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Minorities embrace internet via handheld devices

The Pew Research Center report on wireless internet use has some interesting findings regarding broadband access to the Internet.

  • Wireless Internet Use, by John Horrigan, Pew Research Center’s Internet & American Life Project (Jul 22, 2009)
  • Pew: minorities embrace internet via handheld devices, By Matthew Lasar, ars technica (July 26, 2009).

    It says that African-Americans access the Internet via handheld devices more often than whites, for whom an online connection is more likely to come from an ISP-connected computer. “This means the digital divide between African Americans and white Americans diminishes when mobile use is taken into account,” Pew says.

This is a development that should be of interest to those who design web sites for libraries. If you need a reason to persuade yourself or your management that your site needs a mobile-friendly interface, this is it. OCLC announced a mobile interface this year.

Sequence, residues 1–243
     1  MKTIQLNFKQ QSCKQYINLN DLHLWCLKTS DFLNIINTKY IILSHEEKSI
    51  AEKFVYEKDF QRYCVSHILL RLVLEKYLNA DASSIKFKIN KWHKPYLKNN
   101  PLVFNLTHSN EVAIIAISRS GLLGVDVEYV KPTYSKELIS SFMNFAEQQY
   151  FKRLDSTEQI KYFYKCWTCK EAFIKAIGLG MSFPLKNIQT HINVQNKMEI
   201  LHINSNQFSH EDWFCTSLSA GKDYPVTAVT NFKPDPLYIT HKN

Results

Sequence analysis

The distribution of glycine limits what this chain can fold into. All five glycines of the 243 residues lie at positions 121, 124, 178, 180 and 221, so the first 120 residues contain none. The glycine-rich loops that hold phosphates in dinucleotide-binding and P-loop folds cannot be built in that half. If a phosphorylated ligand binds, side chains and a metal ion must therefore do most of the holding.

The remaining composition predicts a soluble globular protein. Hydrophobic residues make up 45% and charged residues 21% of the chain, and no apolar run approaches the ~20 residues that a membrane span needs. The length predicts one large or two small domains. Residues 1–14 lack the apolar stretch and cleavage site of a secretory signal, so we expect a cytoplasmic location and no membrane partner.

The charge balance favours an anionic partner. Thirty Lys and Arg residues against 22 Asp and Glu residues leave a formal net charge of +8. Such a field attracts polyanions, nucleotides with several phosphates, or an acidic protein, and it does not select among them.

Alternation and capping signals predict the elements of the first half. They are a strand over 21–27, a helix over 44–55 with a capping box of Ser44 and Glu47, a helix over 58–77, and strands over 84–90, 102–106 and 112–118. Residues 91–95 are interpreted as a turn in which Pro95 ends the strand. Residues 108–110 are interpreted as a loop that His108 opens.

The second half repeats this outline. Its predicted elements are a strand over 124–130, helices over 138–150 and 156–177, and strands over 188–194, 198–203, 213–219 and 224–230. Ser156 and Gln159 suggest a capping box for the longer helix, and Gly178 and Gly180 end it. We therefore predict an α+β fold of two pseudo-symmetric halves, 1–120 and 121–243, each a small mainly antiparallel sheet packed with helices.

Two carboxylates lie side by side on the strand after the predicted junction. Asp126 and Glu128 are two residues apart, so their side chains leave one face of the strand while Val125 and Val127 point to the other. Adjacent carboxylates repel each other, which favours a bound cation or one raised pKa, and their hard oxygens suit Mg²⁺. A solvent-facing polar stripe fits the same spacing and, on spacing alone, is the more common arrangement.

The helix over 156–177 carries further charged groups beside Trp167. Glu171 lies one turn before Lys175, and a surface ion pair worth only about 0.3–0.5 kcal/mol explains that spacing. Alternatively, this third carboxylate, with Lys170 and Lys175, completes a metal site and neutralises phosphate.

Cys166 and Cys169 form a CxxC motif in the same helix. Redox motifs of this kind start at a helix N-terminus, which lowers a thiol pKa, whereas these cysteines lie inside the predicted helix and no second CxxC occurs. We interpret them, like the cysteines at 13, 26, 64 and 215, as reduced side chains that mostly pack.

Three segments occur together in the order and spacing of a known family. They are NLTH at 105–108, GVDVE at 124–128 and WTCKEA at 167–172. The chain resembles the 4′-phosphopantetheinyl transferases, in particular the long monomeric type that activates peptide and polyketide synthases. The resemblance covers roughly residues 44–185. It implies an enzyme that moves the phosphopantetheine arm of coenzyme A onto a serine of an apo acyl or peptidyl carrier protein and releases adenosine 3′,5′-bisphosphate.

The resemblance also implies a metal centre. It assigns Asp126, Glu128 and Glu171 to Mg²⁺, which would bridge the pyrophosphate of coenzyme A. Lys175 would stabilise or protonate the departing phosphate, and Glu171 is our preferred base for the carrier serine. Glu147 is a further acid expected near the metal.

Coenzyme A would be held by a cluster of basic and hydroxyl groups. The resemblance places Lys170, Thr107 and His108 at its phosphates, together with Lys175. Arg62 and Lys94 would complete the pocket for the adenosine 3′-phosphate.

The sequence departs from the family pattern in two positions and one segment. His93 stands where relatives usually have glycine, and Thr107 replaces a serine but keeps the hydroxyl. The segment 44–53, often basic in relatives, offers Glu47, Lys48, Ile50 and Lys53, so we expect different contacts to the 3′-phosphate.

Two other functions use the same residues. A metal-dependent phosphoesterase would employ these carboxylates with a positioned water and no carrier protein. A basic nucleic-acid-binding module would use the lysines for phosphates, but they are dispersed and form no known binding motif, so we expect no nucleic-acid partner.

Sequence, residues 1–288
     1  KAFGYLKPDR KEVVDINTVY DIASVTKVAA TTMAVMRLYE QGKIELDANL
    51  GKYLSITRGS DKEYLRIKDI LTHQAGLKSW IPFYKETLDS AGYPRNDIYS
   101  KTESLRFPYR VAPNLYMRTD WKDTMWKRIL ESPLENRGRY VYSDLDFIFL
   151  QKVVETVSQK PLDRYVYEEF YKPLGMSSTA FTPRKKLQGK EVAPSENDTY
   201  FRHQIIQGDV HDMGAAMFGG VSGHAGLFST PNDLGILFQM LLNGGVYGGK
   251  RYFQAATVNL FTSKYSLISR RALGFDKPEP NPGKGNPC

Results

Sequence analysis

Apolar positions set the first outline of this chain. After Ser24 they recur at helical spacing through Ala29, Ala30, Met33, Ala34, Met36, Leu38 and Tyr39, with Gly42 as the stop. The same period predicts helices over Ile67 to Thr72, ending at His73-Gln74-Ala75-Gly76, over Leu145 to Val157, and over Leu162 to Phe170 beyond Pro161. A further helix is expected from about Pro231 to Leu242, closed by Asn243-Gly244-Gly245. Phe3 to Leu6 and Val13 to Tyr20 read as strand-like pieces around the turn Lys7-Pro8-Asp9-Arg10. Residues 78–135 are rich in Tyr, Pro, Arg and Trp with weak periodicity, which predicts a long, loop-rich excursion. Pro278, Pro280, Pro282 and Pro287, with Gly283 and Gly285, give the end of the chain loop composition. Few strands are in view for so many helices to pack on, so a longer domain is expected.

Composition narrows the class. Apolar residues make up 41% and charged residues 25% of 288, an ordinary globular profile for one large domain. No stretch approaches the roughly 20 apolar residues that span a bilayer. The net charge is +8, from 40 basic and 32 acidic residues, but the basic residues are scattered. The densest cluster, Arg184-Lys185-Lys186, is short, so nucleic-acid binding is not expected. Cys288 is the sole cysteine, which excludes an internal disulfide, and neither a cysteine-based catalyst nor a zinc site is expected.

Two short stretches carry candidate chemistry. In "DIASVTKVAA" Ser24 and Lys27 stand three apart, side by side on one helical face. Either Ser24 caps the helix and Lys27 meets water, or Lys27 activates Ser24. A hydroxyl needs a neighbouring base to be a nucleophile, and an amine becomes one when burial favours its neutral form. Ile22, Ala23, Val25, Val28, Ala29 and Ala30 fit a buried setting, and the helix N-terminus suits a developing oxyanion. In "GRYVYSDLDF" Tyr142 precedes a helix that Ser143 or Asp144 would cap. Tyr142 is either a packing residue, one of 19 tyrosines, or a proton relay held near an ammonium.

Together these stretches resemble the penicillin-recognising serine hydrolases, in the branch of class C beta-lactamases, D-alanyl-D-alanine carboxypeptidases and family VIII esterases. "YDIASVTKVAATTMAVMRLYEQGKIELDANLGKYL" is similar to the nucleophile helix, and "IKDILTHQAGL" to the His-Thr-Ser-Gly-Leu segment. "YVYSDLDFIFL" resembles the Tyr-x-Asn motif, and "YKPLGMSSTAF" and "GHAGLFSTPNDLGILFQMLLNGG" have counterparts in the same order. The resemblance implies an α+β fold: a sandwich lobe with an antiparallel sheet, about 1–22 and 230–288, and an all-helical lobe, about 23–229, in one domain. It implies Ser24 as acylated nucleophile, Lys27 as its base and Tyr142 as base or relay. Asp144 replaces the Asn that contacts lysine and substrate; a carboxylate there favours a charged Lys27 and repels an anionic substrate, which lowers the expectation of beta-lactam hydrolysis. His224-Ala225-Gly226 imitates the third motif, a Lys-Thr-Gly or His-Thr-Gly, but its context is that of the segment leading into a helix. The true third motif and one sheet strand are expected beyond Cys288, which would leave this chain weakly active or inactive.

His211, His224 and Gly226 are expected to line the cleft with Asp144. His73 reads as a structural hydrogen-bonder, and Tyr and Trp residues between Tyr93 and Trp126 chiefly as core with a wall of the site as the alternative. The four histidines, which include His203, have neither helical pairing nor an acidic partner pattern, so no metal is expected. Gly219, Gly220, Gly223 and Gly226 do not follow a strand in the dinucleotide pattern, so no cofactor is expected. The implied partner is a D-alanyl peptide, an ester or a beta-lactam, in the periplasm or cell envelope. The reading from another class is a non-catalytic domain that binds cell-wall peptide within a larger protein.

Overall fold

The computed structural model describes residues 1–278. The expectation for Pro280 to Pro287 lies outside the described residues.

The Digital Divide: Guide, Discussion, Links

Your Guide to the Digital Divide, by Mark Glaser, MediaShift. PBS (17 January 2007)

The digital divide is the chasm separating the haves and have-nots in digital technology. On one side are people who can afford or who have access to computers, a high-speed broadband connection and the plethora of services from online banking to social networking to blogging. On the other side of the equation are people who cannot afford the technology, cannot get broadband access because of their location, or who have learning or cultural limitations to using the technology.

There are many digital divides: Rural and urban; poor and rich, African-American and white; old and young; disabled and able; developing nation and developed nation. All these factors have been studied and solutions have been debated for years.